Baker Grace focuses on self-approval in her single ‘Keeper’

By

Baker Grace’s new track “Keeper” defies societal pressures and reaches for self-appreciation. The singer garnered more than 23 million Spotify streams in her debut EP “Girl, I Know” in 2019, which was followed by her sophomore EP “Yourz Truly.”

The artist said her single “Keeper” is actually a letter to herself — her own “best friend” and also her “worst enemy.” 

“I realized that I was constantly trying to prove that I was worthy and was always putting pressure on myself to always be busy, successful and look beautiful,” Grace said. “My song is a reminder that I’m beautiful and worthy because I am alive, and I am human. I don’t need anyone else but myself to believe it.” 

Grace expressed that there is so much pressure and comparison in her generation’s culture. 

“It’s hard to fully embrace who you are, flaws and all, when there’s perfection, wealth and fame plastered everywhere,” she said. “But it’s so important to understand that you have meaning and that you deserve to be happy no matter how you look, or what clothes you wear or who you hang out with.”

The music follows the narrative of the lyrics. In the verses, the music is calm and refined as Grace kindly asks herself for some admiration. In the chorus, it becomes more chaotic and dark as she frees herself from the chains of self-doubt.

“I think the idea of being your own guardian angel or ‘keeper’ definitely created interesting imagery. I wanted to bring the conversations I have with myself in my head alive through music,” the singer mentioned. 

Baker Grace wants others to live like a child again and to feel love for the first time after hearing “Keeper.”

I want people to feel worthy, capable and loved because we all can be if we choose to believe it,” she mentioned. 

Grace loves to write poetry and derives songs from her poems. When she is inspired, the words start to flow, and she incorporates abstract ideas and poetic language into the lyrics and a melody.

Grace remembered listening to the song on a train back from Connecticut and her producer asking what she thought about the song. 

“On the verge of tears, I said, ‘Wait, this is like so cool.’ Sometimes I’m surprised when I listen to songs because when I write, I’m in such a meditative and elated state that I don’t realize what I’ve created until I hear it back,” she confessed.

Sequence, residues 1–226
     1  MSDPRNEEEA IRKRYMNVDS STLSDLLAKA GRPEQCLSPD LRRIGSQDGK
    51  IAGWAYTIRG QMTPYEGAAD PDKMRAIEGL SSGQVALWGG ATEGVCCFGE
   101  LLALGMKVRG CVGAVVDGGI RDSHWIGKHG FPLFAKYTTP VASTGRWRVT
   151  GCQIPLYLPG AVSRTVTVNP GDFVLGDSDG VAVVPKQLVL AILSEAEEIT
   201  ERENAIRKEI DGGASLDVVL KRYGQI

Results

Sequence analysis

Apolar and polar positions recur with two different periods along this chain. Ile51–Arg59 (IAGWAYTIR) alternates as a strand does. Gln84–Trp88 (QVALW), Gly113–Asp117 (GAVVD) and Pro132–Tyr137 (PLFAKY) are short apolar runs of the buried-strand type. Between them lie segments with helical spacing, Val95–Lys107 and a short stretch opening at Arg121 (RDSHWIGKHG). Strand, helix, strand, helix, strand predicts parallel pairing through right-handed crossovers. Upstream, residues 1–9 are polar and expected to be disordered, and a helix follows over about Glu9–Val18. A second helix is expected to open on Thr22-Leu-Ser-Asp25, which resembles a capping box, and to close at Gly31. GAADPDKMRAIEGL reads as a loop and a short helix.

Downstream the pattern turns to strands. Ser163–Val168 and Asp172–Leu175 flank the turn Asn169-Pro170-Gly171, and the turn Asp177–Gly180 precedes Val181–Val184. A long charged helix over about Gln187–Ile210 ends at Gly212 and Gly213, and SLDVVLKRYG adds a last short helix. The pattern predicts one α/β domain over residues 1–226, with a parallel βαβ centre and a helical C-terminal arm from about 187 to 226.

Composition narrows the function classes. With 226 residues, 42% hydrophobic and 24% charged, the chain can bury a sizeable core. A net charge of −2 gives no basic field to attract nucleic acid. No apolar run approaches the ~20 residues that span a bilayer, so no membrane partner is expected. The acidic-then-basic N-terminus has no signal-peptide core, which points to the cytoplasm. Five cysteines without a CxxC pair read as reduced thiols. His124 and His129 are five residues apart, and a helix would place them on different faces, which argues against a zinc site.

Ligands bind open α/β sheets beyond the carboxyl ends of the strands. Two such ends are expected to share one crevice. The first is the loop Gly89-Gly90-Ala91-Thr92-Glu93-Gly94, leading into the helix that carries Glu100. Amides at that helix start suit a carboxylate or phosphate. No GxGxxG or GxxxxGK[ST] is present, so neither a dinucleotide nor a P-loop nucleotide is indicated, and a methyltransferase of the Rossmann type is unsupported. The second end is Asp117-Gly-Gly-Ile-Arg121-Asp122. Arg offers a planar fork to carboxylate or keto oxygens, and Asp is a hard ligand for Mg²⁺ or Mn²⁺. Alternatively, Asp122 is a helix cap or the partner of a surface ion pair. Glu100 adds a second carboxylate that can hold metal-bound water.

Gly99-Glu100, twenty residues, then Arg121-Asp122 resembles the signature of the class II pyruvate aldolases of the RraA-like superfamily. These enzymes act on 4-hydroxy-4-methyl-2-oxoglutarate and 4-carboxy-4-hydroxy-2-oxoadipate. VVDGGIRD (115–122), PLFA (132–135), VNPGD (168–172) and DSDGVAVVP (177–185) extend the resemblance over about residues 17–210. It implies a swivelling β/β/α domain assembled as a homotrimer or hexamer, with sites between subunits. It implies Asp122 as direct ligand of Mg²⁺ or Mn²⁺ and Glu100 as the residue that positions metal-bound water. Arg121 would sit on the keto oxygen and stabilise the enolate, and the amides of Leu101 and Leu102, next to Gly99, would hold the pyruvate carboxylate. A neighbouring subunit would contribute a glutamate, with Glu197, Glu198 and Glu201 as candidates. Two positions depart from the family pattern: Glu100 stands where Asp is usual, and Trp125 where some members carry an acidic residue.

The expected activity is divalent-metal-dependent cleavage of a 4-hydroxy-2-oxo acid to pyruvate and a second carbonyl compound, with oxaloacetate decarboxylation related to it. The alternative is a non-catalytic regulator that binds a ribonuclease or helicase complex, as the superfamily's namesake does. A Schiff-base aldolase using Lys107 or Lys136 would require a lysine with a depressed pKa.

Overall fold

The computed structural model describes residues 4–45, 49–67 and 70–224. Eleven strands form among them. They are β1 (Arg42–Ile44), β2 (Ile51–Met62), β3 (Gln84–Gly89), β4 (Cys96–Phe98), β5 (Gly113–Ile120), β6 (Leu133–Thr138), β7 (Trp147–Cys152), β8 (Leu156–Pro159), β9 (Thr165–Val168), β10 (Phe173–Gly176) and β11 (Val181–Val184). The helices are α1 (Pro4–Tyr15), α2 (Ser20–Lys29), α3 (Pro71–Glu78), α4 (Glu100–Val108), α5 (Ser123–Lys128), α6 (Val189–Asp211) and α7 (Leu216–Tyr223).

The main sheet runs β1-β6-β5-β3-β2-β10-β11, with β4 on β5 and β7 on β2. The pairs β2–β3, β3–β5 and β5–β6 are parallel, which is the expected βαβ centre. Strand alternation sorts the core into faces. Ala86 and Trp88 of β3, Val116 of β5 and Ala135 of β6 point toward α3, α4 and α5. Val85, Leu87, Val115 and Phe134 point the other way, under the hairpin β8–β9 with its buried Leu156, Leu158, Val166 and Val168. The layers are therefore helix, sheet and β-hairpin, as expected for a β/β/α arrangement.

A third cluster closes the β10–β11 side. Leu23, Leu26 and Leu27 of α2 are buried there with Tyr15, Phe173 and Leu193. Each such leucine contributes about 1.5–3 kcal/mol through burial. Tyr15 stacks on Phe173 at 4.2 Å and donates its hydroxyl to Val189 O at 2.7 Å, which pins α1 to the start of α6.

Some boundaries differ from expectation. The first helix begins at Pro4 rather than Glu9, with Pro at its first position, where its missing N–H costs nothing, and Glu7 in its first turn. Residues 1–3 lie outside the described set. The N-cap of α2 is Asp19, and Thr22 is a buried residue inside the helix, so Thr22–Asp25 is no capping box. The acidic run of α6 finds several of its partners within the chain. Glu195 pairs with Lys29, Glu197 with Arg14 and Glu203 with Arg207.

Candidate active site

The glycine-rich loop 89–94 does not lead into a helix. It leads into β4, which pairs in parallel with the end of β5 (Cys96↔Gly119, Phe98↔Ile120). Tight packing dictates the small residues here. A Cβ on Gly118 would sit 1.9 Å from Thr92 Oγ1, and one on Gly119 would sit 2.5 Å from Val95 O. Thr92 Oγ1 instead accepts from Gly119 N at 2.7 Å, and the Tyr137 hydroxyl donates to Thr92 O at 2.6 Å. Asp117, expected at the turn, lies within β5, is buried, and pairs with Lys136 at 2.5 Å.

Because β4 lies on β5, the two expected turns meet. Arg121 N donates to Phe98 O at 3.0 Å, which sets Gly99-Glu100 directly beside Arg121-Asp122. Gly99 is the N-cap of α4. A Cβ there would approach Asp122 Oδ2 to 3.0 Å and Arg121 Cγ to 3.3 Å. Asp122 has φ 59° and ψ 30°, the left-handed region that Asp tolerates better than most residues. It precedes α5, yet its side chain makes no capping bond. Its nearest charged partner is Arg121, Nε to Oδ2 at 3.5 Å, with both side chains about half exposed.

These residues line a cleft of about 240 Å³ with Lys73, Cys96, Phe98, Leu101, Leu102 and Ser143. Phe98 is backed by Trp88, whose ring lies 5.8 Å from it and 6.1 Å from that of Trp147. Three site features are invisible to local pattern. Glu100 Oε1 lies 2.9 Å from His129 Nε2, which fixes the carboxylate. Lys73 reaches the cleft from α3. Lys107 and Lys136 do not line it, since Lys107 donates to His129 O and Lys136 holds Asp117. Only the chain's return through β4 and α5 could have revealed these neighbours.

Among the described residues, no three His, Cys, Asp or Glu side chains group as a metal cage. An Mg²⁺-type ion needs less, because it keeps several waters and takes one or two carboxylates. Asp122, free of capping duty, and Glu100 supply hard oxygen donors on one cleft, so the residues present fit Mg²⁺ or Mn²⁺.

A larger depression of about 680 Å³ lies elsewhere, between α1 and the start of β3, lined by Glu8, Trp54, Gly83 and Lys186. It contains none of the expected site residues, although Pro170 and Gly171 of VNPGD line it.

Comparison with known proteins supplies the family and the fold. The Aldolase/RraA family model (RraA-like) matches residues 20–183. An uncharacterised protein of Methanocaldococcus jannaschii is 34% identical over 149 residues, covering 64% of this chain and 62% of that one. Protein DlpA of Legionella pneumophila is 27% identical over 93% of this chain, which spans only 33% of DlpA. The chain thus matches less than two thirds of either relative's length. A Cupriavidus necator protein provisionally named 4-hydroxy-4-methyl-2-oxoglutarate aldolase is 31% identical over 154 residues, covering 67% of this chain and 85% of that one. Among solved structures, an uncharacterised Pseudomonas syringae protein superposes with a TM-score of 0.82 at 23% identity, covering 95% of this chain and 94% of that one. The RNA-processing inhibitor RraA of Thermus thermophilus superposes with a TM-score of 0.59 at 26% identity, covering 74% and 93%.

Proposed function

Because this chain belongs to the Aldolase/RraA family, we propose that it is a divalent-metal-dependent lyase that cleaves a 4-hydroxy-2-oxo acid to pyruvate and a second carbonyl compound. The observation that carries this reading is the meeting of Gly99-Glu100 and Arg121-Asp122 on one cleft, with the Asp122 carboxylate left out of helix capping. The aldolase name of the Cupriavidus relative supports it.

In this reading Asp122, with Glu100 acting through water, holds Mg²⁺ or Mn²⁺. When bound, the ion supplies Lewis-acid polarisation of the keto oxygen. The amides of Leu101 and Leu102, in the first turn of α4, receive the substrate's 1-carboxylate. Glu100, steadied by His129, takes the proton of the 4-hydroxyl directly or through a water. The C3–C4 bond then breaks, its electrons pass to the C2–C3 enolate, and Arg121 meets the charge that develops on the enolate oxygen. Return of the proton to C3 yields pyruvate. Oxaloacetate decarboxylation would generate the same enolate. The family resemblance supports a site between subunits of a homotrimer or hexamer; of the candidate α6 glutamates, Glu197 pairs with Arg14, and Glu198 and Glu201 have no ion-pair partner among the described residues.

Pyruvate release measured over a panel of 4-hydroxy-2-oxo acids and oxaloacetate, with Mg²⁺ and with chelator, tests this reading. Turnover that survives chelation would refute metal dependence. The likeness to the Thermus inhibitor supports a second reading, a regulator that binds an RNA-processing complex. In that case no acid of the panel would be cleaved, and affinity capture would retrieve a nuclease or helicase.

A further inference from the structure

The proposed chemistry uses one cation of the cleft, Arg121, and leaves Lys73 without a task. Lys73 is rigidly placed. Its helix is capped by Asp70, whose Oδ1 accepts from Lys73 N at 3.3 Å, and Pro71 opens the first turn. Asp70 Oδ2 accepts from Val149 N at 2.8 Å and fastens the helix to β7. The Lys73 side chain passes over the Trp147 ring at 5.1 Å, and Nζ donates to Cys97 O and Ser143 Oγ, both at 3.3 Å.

The singer remembered going into the recording session of “Keeper” feeling a loss of self-worth, but this song helped her gain back control. 

When I was recording the song, the words ‘Don’t you know that you’re not perfect’ definitely hit me hard. It was like me telling myself I didn’t have to be perfect or even close to perfect to be worthy of love, and that was really powerful for me,” she revealed.

According to Grace, the most important line in “Keeper” is Hold my heart, you’re my keeper. Let your guard down deeper.” Grace said that once she learned to value herself, being vulnerable wasn’t scary anymore. 

“I learned that no matter what I gained or lost, no matter how much people loved me or not, I had the strength and courage to respect myself and live to my fullest potential,” she said. 

The New Jersey native grew up across the Hudson River from New York. She had always thought very deeply about the world around her. 

“I wanted to know anything and everything, and I still do. I love to travel and I love adventure, whether that be wandering the city streets or going to different continents,” she said. “I have always tried to challenge myself and absorb as much information as I can and use that knowledge to help others.”

Grace wants to encourage people to fight for themselves and help them realize that their voices deserve to be heard. “You got one life; don’t waste it because it really is whatever you make of it,” she said.

Singing and songwriting are a way of communicating for Grace. When she can’t explain with just words, she puts her ideas into a song.

“I remember being five years old looking out the car window and making up songs in my head. I loved car rides because they allowed me to be calm and still, knowing I was on a good path and something exciting was ahead,” she reminisced.

She continued, “Music was always a passion for me, and since I was exposed to instruments and songwriting since childhood from my father, that passion or fire was always fueled.”

Grace finished with advice to aspiring singers, “If you really want to have a music career, you have to fully commit. Desire and hard work are just as important as talent,” she said. “Embrace your vision and individuality, but also know when to listen and recognize when someone else knows better.” 

Contact Ron Rocky Coloma at rcoloma ‘at’ stanford.edu.

While you're here...

We're a student-run organization committed to providing hands-on experience in journalism, digital media and business for the next generation of reporters. Your support makes a difference in helping give staff members from all backgrounds the opportunity to develop important professional skills and conduct meaningful reporting. All contributions are tax-deductible.


Get Our EmailsDigest

Ron Rocky Coloma '24 is majoring in International Relations. He has a knack for interviewing celebrities and writing about entertainment. Contact him at rcoloma 'at' stanford.edu.